There is no space between the equals sign. Below is a completed example specifying that 400 requests will be made (-n 400) with 10 simultaneous requests (-c 10):

ab -n 400 -c 10 -C 'SESS5a2cb35dfce80bc682796cc451440ac0=d45b85c5be4c651ea2ad520947082e04'


Verifying that Drupal accepts the cookie and is serving pages to an authenticated user


    It's important to verify that Drupal recognizes and accepts the cookie that corresponds to your session. Once, while performing a set of ab authenticated Drupal user benchmarks, I adjusted a Drupal cache setting that increased the number of requests served per second for authenticated users from 5 to 60. I thought, “Wow! I've made an enormous improvement!” What I had actually done was switched from Drupal core session handling to Memcahe's session handling, which caused Drupal to not recognize my cookie. Drupal was actually serving anonymous pages, which accounted for the dramatic “performance improvement.” To avoid misunderstandings like this one, we'll use ApacheBench's verbose mode to confirm that Drupal is serving authenticated pages.

   In our theme directory, we'll add a PHP snippet to page.tpl.php below the HEAD tag, that will print, inside an HTML comment tag, the username and uid (user id) of the user currently viewing the page.

name .' : UID:'. $user->uid; ?>

Then, we'll run ApacheBench with a verbosity level of 4 (parameter -v4), allowing us to view the HTTP response code and html that the server is sending to ab.



    Viewing the content of pages served to ab is also useful in determining the nature of failed responses and investigating suspiciously high numbers of requests served per second. Apache identifies certain types of failed requests by serving them with an unsuccessful (non-200) HTTP response code. (For more about HTTP response codes\status codes, see the W3's "Status Code Definitions" .) ApacheBench recognizes HTTP response codes and reports the number of responses that are marked as successful and unsuccessful by Apache. A reportedly high number of requests successfully served per second can indicate good server performance, but it's important to distinguish pages served with a 200 response code from those that are truly served successfully. In some situations, Apache is unaware of serious problems that occur in other parts of the server stack and will serve pages with an HTTP response code of 200 (successful) despite the fact these pages contain only a PHP fatal error. In these cases, Apache is “successfully” serving the PHP fatal error message.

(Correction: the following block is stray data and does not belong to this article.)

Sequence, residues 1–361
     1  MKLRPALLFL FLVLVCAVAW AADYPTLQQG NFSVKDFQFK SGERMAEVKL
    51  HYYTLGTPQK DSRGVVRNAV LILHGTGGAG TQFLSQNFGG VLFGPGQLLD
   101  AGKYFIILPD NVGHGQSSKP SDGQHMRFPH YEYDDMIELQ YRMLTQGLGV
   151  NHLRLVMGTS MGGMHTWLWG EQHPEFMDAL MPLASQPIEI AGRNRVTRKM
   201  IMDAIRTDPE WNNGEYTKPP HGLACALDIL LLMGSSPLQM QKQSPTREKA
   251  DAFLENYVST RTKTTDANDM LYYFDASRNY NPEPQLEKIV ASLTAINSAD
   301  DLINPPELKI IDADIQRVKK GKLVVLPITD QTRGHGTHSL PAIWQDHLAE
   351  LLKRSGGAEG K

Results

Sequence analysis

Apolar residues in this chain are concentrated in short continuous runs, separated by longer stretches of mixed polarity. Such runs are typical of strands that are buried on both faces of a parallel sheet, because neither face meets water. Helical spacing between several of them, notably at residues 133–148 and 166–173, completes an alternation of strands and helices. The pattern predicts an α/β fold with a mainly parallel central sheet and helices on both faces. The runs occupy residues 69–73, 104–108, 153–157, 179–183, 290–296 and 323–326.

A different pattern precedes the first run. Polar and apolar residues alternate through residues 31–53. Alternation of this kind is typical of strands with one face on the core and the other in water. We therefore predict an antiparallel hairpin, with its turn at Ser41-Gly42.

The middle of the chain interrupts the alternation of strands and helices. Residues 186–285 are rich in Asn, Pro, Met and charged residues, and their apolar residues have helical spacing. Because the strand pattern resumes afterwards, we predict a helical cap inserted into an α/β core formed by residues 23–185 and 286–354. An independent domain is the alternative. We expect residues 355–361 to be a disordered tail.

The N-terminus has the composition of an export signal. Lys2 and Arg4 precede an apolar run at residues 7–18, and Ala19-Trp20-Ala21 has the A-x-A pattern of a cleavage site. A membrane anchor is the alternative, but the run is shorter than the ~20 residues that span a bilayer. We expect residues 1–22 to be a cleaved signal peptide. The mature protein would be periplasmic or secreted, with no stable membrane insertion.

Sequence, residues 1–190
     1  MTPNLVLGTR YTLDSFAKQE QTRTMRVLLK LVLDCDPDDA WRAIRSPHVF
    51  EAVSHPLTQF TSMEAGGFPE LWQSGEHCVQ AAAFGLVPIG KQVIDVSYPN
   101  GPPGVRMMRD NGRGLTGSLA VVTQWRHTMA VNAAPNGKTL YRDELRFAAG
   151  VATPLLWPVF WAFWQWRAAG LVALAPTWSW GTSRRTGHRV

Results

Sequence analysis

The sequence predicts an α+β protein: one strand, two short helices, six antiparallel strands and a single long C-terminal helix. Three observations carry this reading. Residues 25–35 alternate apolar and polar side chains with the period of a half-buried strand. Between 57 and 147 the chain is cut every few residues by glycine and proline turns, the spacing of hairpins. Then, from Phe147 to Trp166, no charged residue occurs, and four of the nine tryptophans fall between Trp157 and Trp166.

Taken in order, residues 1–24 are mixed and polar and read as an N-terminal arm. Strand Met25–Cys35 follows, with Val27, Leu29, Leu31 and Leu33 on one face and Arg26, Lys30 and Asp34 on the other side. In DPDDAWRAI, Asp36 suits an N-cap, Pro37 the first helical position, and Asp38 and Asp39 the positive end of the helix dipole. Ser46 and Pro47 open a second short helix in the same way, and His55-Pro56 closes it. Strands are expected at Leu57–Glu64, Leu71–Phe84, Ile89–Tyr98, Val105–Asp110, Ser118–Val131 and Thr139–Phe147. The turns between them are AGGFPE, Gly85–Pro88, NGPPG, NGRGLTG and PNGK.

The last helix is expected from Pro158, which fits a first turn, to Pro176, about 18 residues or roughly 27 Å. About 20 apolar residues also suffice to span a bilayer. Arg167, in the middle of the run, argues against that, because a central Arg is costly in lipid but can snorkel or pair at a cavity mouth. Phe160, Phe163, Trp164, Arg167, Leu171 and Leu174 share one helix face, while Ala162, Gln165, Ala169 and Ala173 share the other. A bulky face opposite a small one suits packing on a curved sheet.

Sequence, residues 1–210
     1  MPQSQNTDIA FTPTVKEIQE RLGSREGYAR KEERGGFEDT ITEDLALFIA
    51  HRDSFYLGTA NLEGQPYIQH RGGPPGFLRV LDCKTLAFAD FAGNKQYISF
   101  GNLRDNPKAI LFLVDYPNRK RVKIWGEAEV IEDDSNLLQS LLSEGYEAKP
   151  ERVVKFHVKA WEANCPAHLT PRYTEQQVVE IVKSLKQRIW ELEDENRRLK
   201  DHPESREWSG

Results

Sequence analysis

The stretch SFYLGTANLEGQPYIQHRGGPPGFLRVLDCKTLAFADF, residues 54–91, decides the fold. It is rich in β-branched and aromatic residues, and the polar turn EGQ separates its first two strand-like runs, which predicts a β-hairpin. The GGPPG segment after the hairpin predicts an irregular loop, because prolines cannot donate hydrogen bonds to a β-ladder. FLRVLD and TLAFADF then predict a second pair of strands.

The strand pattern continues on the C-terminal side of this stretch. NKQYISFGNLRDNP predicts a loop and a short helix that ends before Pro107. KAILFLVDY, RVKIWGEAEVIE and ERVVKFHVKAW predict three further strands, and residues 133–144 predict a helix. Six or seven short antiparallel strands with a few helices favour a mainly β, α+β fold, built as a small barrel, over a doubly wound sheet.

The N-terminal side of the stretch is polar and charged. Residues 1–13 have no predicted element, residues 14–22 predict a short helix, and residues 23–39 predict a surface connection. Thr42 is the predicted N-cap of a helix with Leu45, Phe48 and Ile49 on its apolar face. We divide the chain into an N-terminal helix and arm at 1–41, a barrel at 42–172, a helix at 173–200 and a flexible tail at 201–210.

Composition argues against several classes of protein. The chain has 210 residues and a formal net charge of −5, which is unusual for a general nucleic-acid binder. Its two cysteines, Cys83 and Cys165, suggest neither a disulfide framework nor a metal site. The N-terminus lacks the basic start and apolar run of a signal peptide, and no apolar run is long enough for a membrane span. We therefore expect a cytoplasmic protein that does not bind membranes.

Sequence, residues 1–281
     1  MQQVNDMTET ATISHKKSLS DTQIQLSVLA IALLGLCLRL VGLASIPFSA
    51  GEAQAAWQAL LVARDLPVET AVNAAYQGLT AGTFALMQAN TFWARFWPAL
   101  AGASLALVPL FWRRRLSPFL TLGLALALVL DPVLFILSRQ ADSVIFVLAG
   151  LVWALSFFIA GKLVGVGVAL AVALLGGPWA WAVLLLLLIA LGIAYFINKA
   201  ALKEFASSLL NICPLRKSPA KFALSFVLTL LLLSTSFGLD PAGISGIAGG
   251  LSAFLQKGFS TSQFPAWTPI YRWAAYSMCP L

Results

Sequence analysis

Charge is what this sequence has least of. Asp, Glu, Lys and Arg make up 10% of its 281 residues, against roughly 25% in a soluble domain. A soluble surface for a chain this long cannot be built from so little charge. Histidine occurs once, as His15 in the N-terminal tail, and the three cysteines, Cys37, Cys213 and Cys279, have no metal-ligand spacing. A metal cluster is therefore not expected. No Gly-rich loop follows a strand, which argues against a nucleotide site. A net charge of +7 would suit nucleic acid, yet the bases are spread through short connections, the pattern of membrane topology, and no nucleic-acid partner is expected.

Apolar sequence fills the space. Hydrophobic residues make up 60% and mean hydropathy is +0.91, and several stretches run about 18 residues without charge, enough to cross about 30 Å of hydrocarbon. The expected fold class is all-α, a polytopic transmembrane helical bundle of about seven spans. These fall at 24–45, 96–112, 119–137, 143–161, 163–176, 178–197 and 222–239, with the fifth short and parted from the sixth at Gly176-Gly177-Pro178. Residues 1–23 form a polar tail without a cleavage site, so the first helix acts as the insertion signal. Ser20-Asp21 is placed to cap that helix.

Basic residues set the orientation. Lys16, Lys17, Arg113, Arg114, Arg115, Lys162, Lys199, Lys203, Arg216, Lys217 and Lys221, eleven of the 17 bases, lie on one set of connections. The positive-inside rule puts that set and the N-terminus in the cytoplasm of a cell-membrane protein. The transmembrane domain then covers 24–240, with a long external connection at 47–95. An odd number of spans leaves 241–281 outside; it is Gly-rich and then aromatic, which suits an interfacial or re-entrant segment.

Drupal correctly specifies non-200 HTTP response codes when it is unable to connect to the database. Viewing the content of the benchmarked page allows the person performing the testing to view the specific error message that the site is displaying. This is useful in identifying that the problem is, for example, that the MySQL max_user_connections value has been reached, as opposed to other database connection errors, such as an Access Denied error.


It's worth noting that while ab provides useful information about a server's performance, that it does not predict exactly how a server will perform under load from actual users.


Questions? Comments? Corrections? I'm happy to hear from you.



Unrelated to the article...

Sorry to comment only to say something unrelated to the article, but I wanted to offer up a tip and feel free to delete this comment afterwards. ; )

It would be helpful if you included a synopsis of the article and used a <!--break--> tag when making posts through Drupal Planet so we can quickly scan the intro and then come to the article if it's something that we need/interests us. Just helps for digesting a lot of info and keeps the page trim.